There’s a lot more to rainwater harvesting than buying a water tank, connecting it to your gutters and sticking a hose on the bottom of your tank. Yes, it can be as simple as that but it depends on what you want to achieve. For those who only want to water a small garden then fittings to the gutter, a water tank, a hose connecter at the bottom of the tank, overflow to your stormwater pipe and a hose is about all you need as long as your garden isn’t higher than the tanks water level.

(If you just want to know how to install your own water tank, just scroll down to the bottom of this page)

On the other end of the scale, there are those who want to water their larger gardens and lawns, wash their cars as well as use the tank water to flush the toilets, wash the clothes in the washing machine and top up the pool or water feature.

Not only do they need a lot of water capacity in their tanks but they need a pump powerful enough to provide enough to all these outlets, particularly if more than one outlet is in use at the same time.

Take this a little further and have the system set up so it uses the water in the tank to do all these things but when the tank water gets below a certain level, a switch on the tank automatically switches the system over to mains water. The pump shown below right is a Davey pump fitted with Rainbank unit, designed for switching between tank water and mains water automatically. having a water switch of this type can save you a lot of money by having your tank connected to your toilets and your washing machine, both of which use a lot of water in every houshold.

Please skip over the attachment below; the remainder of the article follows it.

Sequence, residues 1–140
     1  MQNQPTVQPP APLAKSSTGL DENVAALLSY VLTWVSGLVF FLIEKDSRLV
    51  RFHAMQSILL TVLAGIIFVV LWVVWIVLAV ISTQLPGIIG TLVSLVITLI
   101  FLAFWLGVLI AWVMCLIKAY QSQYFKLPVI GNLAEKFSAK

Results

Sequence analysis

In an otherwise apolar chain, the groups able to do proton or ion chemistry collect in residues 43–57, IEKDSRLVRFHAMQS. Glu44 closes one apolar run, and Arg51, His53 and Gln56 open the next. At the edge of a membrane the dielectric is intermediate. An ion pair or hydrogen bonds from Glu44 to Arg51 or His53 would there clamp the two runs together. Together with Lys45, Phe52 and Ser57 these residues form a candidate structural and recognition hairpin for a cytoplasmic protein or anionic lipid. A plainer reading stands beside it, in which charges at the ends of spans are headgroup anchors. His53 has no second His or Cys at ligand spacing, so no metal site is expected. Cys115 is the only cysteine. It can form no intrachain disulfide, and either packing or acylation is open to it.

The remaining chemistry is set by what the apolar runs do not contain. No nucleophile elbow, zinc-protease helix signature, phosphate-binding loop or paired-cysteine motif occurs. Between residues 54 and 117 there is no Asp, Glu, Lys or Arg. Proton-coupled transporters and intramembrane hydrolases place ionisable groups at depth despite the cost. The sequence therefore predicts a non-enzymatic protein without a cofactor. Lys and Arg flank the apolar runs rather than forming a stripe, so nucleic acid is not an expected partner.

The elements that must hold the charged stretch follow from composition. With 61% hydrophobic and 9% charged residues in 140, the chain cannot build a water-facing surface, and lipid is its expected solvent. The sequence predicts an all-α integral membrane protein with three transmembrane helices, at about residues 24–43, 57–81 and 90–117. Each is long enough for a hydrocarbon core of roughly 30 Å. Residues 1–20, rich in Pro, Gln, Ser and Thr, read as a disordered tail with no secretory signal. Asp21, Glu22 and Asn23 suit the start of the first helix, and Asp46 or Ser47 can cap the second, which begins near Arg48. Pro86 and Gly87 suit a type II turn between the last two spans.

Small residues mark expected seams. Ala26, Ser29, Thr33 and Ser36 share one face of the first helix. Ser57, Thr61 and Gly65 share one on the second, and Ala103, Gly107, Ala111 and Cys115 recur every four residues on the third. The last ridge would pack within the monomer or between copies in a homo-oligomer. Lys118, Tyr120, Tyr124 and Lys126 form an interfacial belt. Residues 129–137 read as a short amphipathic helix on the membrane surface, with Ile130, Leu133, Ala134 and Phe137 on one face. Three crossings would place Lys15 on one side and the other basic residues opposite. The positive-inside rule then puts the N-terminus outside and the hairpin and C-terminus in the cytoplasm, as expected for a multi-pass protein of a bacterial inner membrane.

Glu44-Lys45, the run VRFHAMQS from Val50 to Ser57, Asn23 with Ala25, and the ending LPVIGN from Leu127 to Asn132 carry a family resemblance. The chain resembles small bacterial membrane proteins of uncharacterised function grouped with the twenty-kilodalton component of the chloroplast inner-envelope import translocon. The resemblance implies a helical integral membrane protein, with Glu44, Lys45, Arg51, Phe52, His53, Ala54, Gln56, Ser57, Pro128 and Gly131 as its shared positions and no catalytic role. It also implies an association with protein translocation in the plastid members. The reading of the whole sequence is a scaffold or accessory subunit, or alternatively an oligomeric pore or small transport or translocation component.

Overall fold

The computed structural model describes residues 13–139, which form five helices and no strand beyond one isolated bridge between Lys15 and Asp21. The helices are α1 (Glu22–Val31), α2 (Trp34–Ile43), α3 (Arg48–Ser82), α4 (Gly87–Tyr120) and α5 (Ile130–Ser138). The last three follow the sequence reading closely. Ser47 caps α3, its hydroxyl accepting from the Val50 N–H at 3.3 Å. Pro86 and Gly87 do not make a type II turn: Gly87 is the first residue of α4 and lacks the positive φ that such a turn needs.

If you are wanting to achieve this set up, our shop staff can provide you with all the information you need to avoid any pitfalls.

If you are going with the simple tank set up as described at the start, many people do it themselves but if you are wishing to claim a government rebate then you will need to have it fitted by a licensed Plumber or have a licensed plumber certify your work. If you are going to use your tanks to connect to your home (to the toilet or washing machine) you will need a licensed Plumber to do the work.

If you are wondering why we have not mentioned anything about using tank water for drinking water, it’s because that’s outside the scope of this website but it can be done and our shop staff can give you all the options and pricing.


Not all downpipes are connected together before they go into the stormwater. Downpipes can come off many different parts off your roof and go underground without connecting up with any other downpipes. This presents a difficulty when you have one tank or all your tanks are in the same location.


Connecting some of your downpipes together if practical, having the pipes directed under or around your house and up into your tank, which is called a wet system or using a stormwater pit at a low point on your property with your stormwater outlets all leading into it, with a sump pump and float switch to pump the water to your tank when the rain starts to fill the pit.
As you can see there are ways and means, some simple and some more complex but if you want some help when buying your tank, pump and fittings our shop staff can provide you with the advice you need.